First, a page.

Heather, juniper & Co.
Many rare plants grow in Lüneburg Heath Nature Park. Particularly characteristic are common heather and cross-leaved heath as well as juniper.
Common heather – it loves acidic soil
Common heather is also known in English as ‘ling’ or simply ‘heather’. Its generic name "Calluna vulgaris" derives from the Greek word kallyno, meaning "beautify, sweep clean". Its German name reflects this – besen is brush in English. Common heather defines the landscape in Lüneburg Heath Nature Reserve. It is an evergreen dwarf shrub with light violet flowers, with an up to 15 cm long, one-sided, dense raceme. The nodding flowers are about 4 mm long.
Common heather loves sunny and light places and is found on heathland, unimproved meadows, dry forests, moorland and on rocky ground. It is regarded as acid-loving, i.e. a plant which can only thrive on soils with a specific pH value. The soils must be acidic or nutrient- and base-poor for common heather.
Cross-leaved heath - a heather that prefers more moisture
The preferred habitats of cross-leaved heath are wet heathlands, meadows, heather moorland, scrub and bog woodland. Cross-leaved heath prefers a bit more moisture. Because of land drainage, it has become more endangered.
Like common heather, cross-leaved heath prefers low-nutrient sites. Cross-leaved heath is an evergreen dwarf shrub, which reaches a height of 15 to 50 cm. The inflorescence has a compact cluster of five to fifteen individual flowers. The flowers are 6 to 9 mm long, pink, bell-shaped and dropping.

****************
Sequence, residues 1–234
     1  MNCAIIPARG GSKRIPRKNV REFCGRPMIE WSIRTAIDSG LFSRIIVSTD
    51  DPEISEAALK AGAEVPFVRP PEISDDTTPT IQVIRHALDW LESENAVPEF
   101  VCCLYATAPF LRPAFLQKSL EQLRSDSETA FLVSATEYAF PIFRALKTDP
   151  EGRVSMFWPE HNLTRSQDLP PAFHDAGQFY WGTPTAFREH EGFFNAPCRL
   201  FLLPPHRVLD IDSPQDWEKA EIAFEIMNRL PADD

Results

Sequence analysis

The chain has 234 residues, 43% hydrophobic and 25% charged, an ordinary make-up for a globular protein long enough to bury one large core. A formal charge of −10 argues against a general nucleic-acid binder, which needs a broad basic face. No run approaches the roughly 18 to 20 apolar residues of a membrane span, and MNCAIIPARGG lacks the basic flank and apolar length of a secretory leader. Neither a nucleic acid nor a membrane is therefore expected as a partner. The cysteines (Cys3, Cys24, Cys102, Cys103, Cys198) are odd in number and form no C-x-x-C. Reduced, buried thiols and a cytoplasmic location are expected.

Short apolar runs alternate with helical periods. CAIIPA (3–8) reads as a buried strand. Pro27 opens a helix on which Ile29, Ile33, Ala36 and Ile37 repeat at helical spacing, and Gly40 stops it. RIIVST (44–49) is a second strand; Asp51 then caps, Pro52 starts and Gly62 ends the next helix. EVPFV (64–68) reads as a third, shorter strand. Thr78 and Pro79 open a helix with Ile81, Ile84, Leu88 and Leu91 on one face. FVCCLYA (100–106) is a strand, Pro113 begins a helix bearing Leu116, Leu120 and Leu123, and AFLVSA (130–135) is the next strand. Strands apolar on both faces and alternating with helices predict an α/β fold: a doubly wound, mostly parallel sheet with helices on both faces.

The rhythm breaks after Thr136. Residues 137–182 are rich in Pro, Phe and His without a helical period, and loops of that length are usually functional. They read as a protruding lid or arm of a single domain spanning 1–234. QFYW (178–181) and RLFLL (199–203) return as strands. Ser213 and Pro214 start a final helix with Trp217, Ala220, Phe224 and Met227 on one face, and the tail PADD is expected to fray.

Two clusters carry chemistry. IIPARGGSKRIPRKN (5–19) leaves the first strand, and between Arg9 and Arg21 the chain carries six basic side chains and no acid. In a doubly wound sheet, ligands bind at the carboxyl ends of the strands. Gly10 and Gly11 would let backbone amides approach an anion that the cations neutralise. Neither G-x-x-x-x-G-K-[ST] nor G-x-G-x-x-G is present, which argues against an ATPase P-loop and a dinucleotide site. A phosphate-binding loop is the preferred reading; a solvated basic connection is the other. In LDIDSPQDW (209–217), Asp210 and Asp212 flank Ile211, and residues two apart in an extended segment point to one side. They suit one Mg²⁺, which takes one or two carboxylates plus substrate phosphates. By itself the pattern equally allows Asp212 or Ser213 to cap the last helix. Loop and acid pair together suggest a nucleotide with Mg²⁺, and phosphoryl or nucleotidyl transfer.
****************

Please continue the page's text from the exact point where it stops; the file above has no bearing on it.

Juniper - a prickly contemporary, with the best of intentions
Like all evergreen cypress trees, juniper loves the light and warmth of the sun. The open landscapes are thus a good habitat. Juniper can have many forms, from a narrow, metre-high column to a low or flat spreading shrub.
Although at first the juniper seems to stand rather alone in the landscape, it does also think about others. It provides many birds with shelter and food. It is also a habitat for insects. Bees benefit from the pollen of the male cones. It provides protection against browsing for other plants and trees. Its sharp needles hold off the Heidschnucken (German grey heath), wild boar and grazing livestock. Since the Middle Ages people have used its blue-black berries as a botanical remedy. They have a strong dehydration effect and are used in many diet and detoxification teas. Its "berries" are also used to flavour gin.
But ingratitude is the world's wage. If the juniper is unlucky, the tree that it has protected over the years will out-grow it, taking away the light and warmth of the sun which it desperately needs for life. Man has also reduced its habitat so that the juniper is on the Red List in Germany.